It is well recognized that estradiol also plays a crucial role in a number of physiologic functions in men. The most recognized and well researched role of estradiol is its effect on bone metabolism.1 However, lesser known is the effect that estradiol has on the regulation of testosterone biosynthesis and spermatogenesis.2
In men, the majority of circulating estradiol is primarily derived from the peripheral aromatization of circulating testosterone by adipocytes located throughout the body.3 Estradiol can also be synthesized within certain tissues that require the hormone for its normal tissue homeostasis (eg, bone, brain, hypothalamus).4 Similar to what is found in the peripheral adipocytes, the bone, brain, and hypothalamus are known to contain an aromatase enzyme and/or an estrogen receptor site, suggesting a role for estrogen within these tissues.4 As such, it is believed that, in men, circulating testosterone—the majority of which is produced by the testes—is taken up by these nontesticular tissues via passive diffusion and is then converted within those specific tissues to estradiol, thereby allowing the newly formed estradiol to exert its effect on those specific tissues. Alternatively, and similar to what occurs with the circulating testosterone, it is believed that the circulating estradiol that is produced by those peripheral adipocytes and secreted into the circulation is also passively taken up by certain tissues and exerts its effect on the tissue via estrogen receptor sites located on the surface membranes of these tissues. An example of this similar effect by both testosterone and estradiol in men is seen within the hypothalamus, where either of these two hormones can be used to modulate the negative feedback inhibition of luteinizing hormone (LH) and follicle-stimulating hormone (FSH) from the pituitary gland.5 It is primarily the modulation by selective estrogen receptor modulators (SERMs) and aromatase inhibitors (AIs) of this mechanism of action of testosterone and estradiol on the hypothalamic-pituitary-testicular axis that forms the clinical basis for trying to increase testosterone production and/or increase spermatogenesis within the testes (Table 1).6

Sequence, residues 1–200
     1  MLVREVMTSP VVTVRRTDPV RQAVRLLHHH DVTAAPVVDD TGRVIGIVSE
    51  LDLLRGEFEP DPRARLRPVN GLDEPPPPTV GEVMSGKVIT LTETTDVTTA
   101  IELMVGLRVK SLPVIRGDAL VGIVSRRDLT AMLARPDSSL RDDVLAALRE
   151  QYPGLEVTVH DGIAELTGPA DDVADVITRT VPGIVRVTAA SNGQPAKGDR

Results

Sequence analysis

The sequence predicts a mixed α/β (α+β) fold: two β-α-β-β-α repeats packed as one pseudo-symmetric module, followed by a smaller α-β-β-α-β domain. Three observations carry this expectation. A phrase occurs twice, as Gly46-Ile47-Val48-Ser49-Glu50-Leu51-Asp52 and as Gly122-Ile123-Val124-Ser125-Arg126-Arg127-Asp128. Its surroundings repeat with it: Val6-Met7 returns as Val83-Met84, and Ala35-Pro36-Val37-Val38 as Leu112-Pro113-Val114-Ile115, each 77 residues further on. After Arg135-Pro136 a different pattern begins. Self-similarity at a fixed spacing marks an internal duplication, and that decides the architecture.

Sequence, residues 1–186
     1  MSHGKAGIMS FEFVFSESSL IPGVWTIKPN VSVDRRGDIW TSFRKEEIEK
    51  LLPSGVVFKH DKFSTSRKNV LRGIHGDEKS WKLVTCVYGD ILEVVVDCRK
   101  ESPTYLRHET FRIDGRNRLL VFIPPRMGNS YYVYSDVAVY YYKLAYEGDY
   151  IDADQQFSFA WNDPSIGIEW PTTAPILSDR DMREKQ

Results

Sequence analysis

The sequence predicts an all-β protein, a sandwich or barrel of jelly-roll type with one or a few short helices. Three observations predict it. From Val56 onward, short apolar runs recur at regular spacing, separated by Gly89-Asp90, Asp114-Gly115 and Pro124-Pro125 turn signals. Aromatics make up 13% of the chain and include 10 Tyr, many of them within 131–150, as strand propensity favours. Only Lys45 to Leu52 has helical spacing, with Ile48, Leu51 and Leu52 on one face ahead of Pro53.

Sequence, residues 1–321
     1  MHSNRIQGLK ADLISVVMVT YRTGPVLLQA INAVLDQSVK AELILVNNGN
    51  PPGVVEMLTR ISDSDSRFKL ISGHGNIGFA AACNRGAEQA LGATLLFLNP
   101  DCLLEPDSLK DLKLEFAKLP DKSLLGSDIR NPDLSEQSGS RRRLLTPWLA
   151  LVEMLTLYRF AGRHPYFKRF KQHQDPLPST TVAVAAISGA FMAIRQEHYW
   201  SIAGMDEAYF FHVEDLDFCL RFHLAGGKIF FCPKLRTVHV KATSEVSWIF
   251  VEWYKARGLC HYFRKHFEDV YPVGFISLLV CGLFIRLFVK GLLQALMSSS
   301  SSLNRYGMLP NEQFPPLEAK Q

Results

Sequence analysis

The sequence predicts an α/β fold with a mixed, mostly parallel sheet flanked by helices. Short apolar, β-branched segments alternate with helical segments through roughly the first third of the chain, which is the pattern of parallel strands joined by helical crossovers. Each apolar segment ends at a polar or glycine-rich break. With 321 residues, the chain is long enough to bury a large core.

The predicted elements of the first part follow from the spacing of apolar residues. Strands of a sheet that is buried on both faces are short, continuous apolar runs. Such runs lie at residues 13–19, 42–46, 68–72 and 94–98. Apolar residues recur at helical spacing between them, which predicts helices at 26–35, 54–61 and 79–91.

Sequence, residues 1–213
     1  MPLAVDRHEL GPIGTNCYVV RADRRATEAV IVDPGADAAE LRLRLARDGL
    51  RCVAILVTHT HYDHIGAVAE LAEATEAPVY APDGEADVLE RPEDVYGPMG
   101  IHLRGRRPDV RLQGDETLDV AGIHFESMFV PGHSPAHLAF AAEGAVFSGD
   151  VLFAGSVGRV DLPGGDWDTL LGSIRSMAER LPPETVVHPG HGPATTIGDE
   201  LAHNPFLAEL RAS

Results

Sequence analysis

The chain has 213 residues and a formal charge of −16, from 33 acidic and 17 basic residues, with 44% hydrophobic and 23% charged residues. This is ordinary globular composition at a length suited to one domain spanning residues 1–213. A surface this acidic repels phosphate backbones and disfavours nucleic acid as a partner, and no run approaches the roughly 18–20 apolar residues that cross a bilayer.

It is well established that high levels of intratesticular testosterone are necessary for normal spermatogenesis.7 A common misconception by urologists is that exogenously administered testosterone can increase this intratesticular concentration of testosterone and result in an improvement in both the hypogonadism and infertility. This is evidenced by a recent American Urological Association (AUA) survey in which 25% of practicing urologists admitted administering testosterone to infertile men with hypogonadism in an effort to treat their infertility.8 Most of the time the prescriber in this setting is unaware of the inhibitory effect that exogenously administered testosterone has on spermatogenesis via its inhibition of both FSH and LH secretion by the pituitary gland. To circumvent the inhibition of LH and FSH from the pituitary by exogenous testosterone, a common strategy used by male reproductive and sexual medicine specialists, in which the goal is to increase testosterone levels while maintaining spermatogenesis, is to use SERMs and/or AIs instead of exogenous testosterone (Figure 1).
Selective Estrogen Receptor Modulators